Shadrach, Meshach, and Abednego, answered and said to the king, "O Nebuchadnezzar, we are not careful to answer thee in this matter. If it be so, our God whom we serve is able to deliver us from the burning fiery furnace, and he will deliver us out of thine hand, O king. But if not, be it known unto thee, O king, that we will not serve thy gods, nor worship the golden image which thou hast set up." (Daniel 3:16-18)

Their resistance to the king did not spring from some mythical "freedom of religion". Their right to worship God alone was rooted in His Law:

Thou shalt not make unto thee any graven image, or any likeness of any thing that is in heaven above, or that is in the earth beneath, or that is in the water under the earth: Thou shalt not bow down thyself to them, nor serve them: for I the LORD thy God am a jealous God, visiting the iniquity of the fathers upon the children unto the third and fourth generation of them that hate me. (Exodus 20:4-5)

In like manner, you must not look for the rationale for speaking your mind in some nebulous "freedom of expression" granted by some nebulous god. You will, rather find it in our Lord's commands to speak the truth (Ephesians 4:15) and to proclaim His Word. When the powers that be tried to muzzle the apostles, they asserted their right to preach the Gospel on the basis of God's authority:

Then Peter and the other apostles answered and said, "We ought to obey God rather than men." (Acts 5:29)

The difference between the apostolic assertion of right based on God's Law and the Jeffersonian version based on natural-law theory can be seen in the fruits. Natural law has led our nation to conclude that pornographers have freedom to express their perversions equal to -- or greater than -- the freedom you have to proclaim the truth of Christ. If you take God at His word, however, you must not acknowledge that peddlers of filth possess any such right (Exodus 20:14; Matthew 5:28).

Take another example: home education. For almost a generation, some Christian parents have tried to assert their right to educate their own children. Many appeal to "freedom of religion" as the foundation of that right. There are two things wrong with this: 1) God recognizes no such "freedom"; 2) They are looking for their rights in "self-evident" natural law instead of in the Word of God.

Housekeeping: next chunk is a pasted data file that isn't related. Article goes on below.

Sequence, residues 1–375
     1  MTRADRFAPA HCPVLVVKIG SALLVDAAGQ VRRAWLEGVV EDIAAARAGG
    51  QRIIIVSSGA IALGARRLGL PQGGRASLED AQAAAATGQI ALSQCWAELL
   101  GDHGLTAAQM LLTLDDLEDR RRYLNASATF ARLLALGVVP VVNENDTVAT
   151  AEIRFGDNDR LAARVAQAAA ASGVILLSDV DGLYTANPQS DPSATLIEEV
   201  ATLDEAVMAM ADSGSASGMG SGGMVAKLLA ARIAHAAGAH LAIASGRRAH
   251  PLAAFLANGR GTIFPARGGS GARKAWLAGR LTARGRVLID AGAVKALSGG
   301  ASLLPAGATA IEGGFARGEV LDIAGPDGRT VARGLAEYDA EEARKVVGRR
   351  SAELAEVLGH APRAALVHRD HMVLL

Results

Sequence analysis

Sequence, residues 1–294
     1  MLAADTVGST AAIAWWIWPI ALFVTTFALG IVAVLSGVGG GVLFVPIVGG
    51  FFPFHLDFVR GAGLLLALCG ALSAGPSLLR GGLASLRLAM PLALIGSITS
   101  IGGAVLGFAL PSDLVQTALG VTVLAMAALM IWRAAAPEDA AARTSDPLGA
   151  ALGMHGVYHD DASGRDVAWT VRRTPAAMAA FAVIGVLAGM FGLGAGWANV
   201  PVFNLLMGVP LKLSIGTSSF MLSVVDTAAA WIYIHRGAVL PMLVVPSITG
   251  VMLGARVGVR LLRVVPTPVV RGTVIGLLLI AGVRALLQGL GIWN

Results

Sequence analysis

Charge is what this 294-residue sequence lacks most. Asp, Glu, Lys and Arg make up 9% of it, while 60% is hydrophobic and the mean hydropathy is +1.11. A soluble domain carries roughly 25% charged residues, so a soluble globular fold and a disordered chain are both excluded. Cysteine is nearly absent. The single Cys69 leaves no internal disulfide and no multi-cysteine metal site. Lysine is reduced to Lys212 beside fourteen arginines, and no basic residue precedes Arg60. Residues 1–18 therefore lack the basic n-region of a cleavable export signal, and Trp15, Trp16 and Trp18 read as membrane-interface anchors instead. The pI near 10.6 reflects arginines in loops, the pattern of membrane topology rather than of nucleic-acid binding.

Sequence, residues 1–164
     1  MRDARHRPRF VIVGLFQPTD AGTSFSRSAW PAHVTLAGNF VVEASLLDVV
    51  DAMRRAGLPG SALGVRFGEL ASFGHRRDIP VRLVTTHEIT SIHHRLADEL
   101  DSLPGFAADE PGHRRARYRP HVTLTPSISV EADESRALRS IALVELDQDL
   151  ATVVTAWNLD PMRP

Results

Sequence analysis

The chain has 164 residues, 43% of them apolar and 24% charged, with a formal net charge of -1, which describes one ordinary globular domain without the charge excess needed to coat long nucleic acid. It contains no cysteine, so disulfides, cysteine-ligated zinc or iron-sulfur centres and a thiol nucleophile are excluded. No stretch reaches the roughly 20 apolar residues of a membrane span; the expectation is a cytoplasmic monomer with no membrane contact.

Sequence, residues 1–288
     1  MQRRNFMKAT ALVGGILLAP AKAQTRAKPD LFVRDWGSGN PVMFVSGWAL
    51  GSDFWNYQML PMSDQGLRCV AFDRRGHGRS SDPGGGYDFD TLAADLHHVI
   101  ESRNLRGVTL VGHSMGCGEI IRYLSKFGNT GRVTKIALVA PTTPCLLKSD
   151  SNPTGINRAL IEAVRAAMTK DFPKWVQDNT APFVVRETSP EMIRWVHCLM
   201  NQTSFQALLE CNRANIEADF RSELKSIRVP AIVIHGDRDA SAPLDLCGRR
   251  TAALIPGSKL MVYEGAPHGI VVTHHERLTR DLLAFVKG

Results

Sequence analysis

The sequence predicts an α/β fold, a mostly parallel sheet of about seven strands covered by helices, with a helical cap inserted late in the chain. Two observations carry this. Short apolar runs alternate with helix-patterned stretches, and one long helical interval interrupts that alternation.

The Lord of Heaven has declared:

And these words, which I command thee this day, shall be in thine heart: and thou shalt teach them diligently unto thy children, and shalt talk of them when thou sittest in thine house, and when thou walkest by the way, and when thou liest down, and when thou risest up. And thou shalt bind them for a sign upon thine hand, and they shall be as frontlets between thine eyes. And thou shalt write them upon the posts of thy house, and on thy gates. (Deuteronomy 6:6-9)

And, ye fathers, provoke not your children to wrath: but bring them up in the nurture and admonition of the Lord. (Ephesians 6:4)

Parents have a right to keep their sons and daughters out of the secular humanist schools because God holds them accountable for the souls of His covenant children. He commands parents to rear them in His discipline and counsel.

Several years ago, I sat in the office of a school district superintendent in the Commonwealth of Pennsylvania. He had brought truancy charges against my wife and me that carried penalties and court costs of $28,000. I told him that I wanted to be a good citizen and I recognized his station as a public official.

I also told him that I would do whatever I could to satisfy him, as long as it did not involve either asking his permission or accepting his oversight in the education of my children. He replied, "Well that's the whole thing." He was right; as long as I acknowledged Christ as King and Lord over my family, I could not in any way surrender to the state's lordship claims respecting my children's education.

I told the superintendent that if he seized all my assets, it would not cover the penalties levied against me. I further told him that I didn't want to go to jail, but that I would do so before I turned my daughters over to the him. In the end, this nominal Roman Catholic and thoroughgoing humanist expressed respect for our convictions.

That's more than we received from the evangelical community in general and Christian homeschoolers in particular. They complied with the rules, which they thought were minimally intrusive, and they didn't want us to rock the boat. We often heard the rebuke, "Render to Caesar . . . ." They tended, however to leave out the rest of the verse. Here it is in its entirety:

And Jesus answering said unto them, "Render to Caesar the things that are Caesar's, and to God the things that are God's." And they marvelled at him. (Mark 12:17)

Now, what belongs to Caesar, to civil government? Nothing more nor less than the parameters of authority granted to him/it by God. On the other hand, what belongs to God? EVERYTHING, including Caesar. And also including our children.

Civil authority has no autonomous claim on us. It has no legitimate interest in our lives or our families' that is independent of God. The question is, How does this relate to the RKBA?

Continued in "The Right to Keepa and Bear Arms, 2"

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Friday, May 30, 2008

Guns 'n' Knives, 2